Photo Essay

The Stargazing Majesties of Rural New England

Boston-area photographer Babak Tafreshi has dedicated his career to capturing our region's most ethereal nightscapes. Taken from vantage points in Massachusetts, Maine, and New Hampshire, here are 10 of his most stunning works.

Stunning aurora rays reveal themselves in the sky above Washington, Maine. / Photo by Babak Tafreshi

When you look up at the night sky, what do you see? If you’re like many stargazers around Boston, the answer may be a jet-black horizon and not much else. That’s because light pollution, caused by everything from street lamps and office buildings to those obnoxiously bright headlights on Teslas, has caused the stars to go virtually extinct in our densely packed region, threatening human health—and the habitats of nighttime animals—along the way.

It’s become a big enough problem, in fact, that state representatives have proposed two bills that would regulate artificial light in city- and state-funded projects. Introduced by volunteer members of the International Dark-Sky Association and championed by the local Sierra Club chapter, the bills aim to improve outdoor lighting, conserve energy, and increase the amount of dark sky (and, by extension, those glittering stars poking through).

Still, in some pockets of New England—unencumbered by the neon trappings of urban life—the skies are already full of stars. And not just stars—nearly everything, from the craters of the moon to distant planets, is there for the naked eye to see. Locally based Iranian-American science photographer Babak Tafreshi has dedicated his career to capturing these stunning nightscapes. Not only is he the director of the World at Night program, a team of 40 photographers whose mission is to illuminate the importance of a dark sky, the National Geographic contributor also leads stargazing and photography retreats (including one in Maine every summer) to teach others how to reach for the stars and capture their beauty.

His ultimate goal? “I hope to spread the message that the wonder of seeing a sky filled with stars brings deep feelings of peace, enjoyment, and a connection to our past and future,” he says. “The night sky belongs to everyone.”


Chatham, Massachusetts. / Photo by Babak Tafreshi

Chatham, Massachusetts

The central bulge of the Milky Way rises above this peaceful cove just before twilight. Also visible in this 10-second-exposure image? The orange star Antares, the constellations Scorpius and Sagittarius, and a red interstellar cloud called the Lagoon Nebula. “To the naked eye, this view would be colorless, with fewer stars,” Tafreshi says. “But the Milky Way is still remarkably visible away from light pollution.”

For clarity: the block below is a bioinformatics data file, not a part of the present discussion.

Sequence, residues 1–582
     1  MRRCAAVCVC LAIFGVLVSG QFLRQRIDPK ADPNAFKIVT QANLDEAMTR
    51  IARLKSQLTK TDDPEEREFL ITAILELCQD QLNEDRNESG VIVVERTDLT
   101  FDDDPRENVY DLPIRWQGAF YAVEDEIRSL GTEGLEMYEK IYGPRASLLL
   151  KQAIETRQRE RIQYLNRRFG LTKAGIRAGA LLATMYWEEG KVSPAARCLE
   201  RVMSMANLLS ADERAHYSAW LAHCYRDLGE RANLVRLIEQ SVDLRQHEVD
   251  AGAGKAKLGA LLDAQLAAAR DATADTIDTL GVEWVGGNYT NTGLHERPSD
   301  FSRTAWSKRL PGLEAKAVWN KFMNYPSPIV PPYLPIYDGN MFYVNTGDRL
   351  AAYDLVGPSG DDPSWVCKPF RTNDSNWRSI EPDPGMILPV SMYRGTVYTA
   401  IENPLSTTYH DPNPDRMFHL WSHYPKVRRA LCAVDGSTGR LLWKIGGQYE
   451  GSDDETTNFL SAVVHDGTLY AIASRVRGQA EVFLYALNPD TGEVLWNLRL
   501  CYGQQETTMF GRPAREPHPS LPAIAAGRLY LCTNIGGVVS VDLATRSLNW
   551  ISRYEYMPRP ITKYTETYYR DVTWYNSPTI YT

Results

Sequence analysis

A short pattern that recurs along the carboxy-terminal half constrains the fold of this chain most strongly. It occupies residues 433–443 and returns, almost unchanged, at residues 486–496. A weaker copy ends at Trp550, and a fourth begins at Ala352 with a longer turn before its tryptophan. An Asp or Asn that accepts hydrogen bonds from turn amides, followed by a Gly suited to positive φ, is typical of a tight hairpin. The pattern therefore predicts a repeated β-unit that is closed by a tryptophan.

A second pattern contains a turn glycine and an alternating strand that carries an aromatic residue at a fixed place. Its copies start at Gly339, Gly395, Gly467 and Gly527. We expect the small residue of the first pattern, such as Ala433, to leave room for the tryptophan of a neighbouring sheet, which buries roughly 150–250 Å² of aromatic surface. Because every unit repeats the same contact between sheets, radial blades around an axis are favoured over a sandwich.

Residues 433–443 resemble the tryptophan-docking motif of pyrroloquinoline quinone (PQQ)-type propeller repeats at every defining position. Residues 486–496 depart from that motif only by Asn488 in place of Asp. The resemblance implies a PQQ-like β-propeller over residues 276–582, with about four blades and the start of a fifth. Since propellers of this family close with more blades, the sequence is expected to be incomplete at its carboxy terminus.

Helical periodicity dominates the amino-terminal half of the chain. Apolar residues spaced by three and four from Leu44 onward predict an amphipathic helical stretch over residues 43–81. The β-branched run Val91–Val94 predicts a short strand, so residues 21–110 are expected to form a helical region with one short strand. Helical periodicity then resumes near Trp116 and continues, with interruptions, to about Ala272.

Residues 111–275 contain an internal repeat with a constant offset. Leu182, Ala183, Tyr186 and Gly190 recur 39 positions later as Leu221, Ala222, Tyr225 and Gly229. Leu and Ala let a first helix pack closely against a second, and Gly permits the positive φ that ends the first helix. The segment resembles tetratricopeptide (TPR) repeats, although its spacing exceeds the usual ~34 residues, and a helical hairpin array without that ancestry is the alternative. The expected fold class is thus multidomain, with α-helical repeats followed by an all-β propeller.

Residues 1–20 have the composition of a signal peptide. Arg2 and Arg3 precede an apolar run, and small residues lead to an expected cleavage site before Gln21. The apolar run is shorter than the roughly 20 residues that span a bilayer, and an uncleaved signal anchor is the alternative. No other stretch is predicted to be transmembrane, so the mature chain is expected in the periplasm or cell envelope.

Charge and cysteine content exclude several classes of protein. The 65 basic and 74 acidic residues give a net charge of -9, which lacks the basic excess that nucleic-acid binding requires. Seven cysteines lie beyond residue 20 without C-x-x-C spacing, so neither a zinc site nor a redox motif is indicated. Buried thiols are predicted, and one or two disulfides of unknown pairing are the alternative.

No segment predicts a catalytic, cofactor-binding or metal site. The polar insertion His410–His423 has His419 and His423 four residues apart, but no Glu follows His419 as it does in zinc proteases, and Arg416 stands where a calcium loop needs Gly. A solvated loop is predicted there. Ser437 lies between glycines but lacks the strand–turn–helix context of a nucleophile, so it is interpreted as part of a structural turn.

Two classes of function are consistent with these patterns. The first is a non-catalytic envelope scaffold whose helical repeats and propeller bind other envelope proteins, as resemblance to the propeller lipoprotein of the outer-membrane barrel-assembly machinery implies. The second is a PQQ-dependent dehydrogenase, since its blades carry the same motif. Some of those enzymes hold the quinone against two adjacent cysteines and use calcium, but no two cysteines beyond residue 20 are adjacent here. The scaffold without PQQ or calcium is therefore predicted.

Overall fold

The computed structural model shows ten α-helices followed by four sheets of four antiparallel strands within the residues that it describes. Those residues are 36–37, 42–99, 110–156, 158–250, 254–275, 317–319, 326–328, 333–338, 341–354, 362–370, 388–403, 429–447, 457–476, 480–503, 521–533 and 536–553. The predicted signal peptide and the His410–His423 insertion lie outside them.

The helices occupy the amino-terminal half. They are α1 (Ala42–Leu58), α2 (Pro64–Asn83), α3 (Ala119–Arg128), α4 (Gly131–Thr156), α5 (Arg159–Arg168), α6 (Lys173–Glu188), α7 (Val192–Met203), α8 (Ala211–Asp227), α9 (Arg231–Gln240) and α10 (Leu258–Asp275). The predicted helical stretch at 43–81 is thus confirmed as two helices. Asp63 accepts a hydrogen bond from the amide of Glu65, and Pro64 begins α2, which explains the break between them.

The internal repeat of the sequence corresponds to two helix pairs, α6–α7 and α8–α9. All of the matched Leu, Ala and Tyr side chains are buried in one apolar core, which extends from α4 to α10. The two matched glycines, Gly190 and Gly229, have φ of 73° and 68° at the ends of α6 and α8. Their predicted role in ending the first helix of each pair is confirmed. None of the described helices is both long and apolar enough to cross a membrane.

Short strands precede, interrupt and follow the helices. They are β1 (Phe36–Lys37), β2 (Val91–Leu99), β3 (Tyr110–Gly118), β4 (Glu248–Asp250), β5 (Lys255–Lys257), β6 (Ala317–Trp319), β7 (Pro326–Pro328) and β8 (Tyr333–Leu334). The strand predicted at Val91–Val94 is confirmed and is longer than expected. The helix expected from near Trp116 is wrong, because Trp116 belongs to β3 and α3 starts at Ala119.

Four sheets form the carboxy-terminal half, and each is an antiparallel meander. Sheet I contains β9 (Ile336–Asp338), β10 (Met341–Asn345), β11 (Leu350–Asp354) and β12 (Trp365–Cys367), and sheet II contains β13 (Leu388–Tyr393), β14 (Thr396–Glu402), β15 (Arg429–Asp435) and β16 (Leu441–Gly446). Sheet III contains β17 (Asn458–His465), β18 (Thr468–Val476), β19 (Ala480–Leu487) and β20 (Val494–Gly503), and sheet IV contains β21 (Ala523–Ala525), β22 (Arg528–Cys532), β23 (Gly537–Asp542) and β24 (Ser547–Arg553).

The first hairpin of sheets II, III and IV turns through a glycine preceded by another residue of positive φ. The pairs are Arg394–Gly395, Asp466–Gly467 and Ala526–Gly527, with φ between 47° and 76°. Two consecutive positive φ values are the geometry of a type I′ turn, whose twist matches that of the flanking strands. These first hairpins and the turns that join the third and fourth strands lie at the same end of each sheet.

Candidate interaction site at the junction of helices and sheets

Falmouth, MA / Photo by Babak Tafreshi

Falmouth, Massachusetts

Winter constellations—including Gemini and Auriga—grace the night sky above a classic Cape home.

Halibut Point State Park, Massachusetts. / Photo by Babak Tafreshi

Rockport, Massachusetts

The comet NEOWISE makes an appearance at Halibut Point State Park before returning to the outer solar system; it’ll make its next journey back to Earth in 6,000 years.

Also: Where to Take a Stargazing Road Trip around New England


Along the Swift River in New Hampshire’s White Mountains. / Photo by Babak Tafreshi

Albany, New Hampshire

A long camera exposure reveals star trails—created by the Earth’s rotation—along the Swift River in the White Mountains. Polaris, the north star, can be seen near the center of the trails.



Acadia National Park, Maine. / Photo by Babak Tafreshi

Bar Harbor, Maine

It’s past midnight on a silent December night in Acadia National Park—one of Tafreshi’s favorite stargazing spots—and the sky is awash in celestial bodies, from Sirius to the constellations Orion and Taurus. “I was trying to complete a 360-degree panorama of the scene, and I had to be quick with the appearing clouds, lit by nearby Bar Harbor,” he explains.

West Branch Pond in northern Maine. / Photo by Babak Tafreshi

Appalachian Mountain Club 100-Mile Wilderness Conservation Area, Maine

Caught above West Branch Pond in northern Maine, the brightest point in this photo is the planet Jupiter. The area is part of the Maine Woods International Dark Sky Park—“one of the best places on the East Coast to see natural night sky,” Tafreshi notes.

Fryeburg, Maine. / Photo by Babak Tafreshi

Fryeburg, Maine

The Milky Way makes an appearance above a weathered barn near the White Mountains on a clear October night.

Appalachian Mountain Club 100-Mile Wilderness Conservation Area, Maine / Photo by Babak Tafreshi

Appalachian Mountain Club 100-Mile Wilderness Conservation Area, Maine

A long-exposure image reveals star trails above a remote lake in northern Maine. The winter constellations Orion and Taurus are visible.

Washington, Maine. / Photo by Babak Tafreshi

Washington, Maine

The Milky Way reveals itself above a Maine lake as the sound of loons echoes across the water; in the distance is the light from three nearby towns.

First published in the print version of the March 2023 issue with the headline, “Reaching for the Light.”